High Spirits

From Winchester to Westminster

By From the July 2009 - August 2009 issue

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Westminster abbey has been crowning and burying England’s monarchs for 11 centuries. But it rarely pays spiritual homage to anyone else apart from occasional statesmen, warriors, or poets of great eminence. So it was an unusual honor when the abbey recently held a special service of thanksgiving for a billionaire philanthropist and Wall Street fund manager whom Money magazine in 1999 called “the greatest global stock picker of the century.” He was the American-born Sir John Templeton, who died last year aged 95. As the packed congregation attending his memorial service discovered, there was a lot more to Templeton than his stellar achievements in wealth creation. For he was also a scholar, original thinker, and philanthropist in the realms of spirituality and science, with views that may be coming into increasing acceptance.

John Marks Templeton was born in Winchester, Tennessee, in 1912. As a Yale student during the Great Depression, he received a letter from his father saying that parental support for his education was no longer affordable. This acted as a spur to redoubled academic effort. Templeton graduated close to the top of his Yale class in 1934 and won a Rhodes scholarship to Oxford, where he achieved an MA (Honours) in law. As an investor Templeton thought differently from his competitors. He was often a countercyclical optimist when markets were in free fall.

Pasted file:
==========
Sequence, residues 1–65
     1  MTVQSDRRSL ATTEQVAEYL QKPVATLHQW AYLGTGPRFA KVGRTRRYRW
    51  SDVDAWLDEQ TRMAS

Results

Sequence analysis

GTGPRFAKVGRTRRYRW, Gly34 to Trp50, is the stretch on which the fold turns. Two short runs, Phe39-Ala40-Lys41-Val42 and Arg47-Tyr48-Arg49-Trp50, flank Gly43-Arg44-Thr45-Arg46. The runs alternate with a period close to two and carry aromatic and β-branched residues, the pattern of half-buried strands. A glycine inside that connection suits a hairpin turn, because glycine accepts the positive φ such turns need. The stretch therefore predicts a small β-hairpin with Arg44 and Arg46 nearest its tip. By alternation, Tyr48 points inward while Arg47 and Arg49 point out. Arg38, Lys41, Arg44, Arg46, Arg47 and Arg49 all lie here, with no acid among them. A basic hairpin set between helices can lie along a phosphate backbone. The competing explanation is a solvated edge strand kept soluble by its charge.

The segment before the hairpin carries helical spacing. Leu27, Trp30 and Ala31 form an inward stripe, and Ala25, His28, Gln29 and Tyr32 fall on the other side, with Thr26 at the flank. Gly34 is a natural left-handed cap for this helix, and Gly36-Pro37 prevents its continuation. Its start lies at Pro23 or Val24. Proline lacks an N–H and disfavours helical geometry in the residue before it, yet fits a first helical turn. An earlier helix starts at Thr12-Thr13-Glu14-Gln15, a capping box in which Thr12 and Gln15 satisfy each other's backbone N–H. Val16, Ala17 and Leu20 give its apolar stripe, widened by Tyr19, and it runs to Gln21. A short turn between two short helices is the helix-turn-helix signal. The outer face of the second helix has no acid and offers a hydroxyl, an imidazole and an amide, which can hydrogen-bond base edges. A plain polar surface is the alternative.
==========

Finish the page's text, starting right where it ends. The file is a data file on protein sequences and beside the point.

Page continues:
At the outbreak of World War II in 1939 he picked 100 stocks trading at under $1 and made multiple returns on 94 of them. He pioneered global diversi- fication into emerging economies and owned the first leading mutual fund to take big positions in the postwar Japanese market. He disdained technical analysis and charts for stock trading. Instead he searched for value by concentrating on personal study of company fundamentals. As a result his Templeton mutual funds were remarkably successful. Yet his triumphs in the world of Mammon were secondary to his calling from God. For in 1992 Templeton sold his group for $440 million in order to concentrate on the work he considered to be of primary importance: the advancement of spirituality and religion.

At the Westminster Abbey service every attendee was given a digest of readings from Templeton’s book Riches for the Mind and Spirit. Part anthology, part autobiography, the excerpts encapsulated Sir John’s quest for spiritual wholeness. Many of the themes were familiar Christian territory (love, forgiveness, humility, perseverance, hope, courage, prayer, thanksgiving) but were tackled from angles that combined vibrancy of expression with originality of thought. Here is the author on the important subject of gratitude:

Thanksgiving opens the door to spiritual growth. If there is any day in our life which is not thanksgiving day, then we are not fully alive. Counting our blessing attracts blessings. Counting our blessings each morning starts a day full of blessings. Thanksgiving brings God’s bounty. From gratitude comes riches—from complaints, poverty. Thankfulness opens the door to happiness. Thanksgiving causes giving. Thanksgiving puts our mind in tune with the Infinite. Continual gratitude dissolves our worries.

Exploring ways of being in tune with the Infinite was an important priority for John Templeton. Although dedicated to his Christian beliefs, he was open to the benefits and values of other faiths. He was also full of optimistic curiosity about the possibility of new discoveries in the field of religious and scientific advancement. He argued that theologically minded scientists should utilize the meticulous techniques of their research to make progress in spiritual exploration.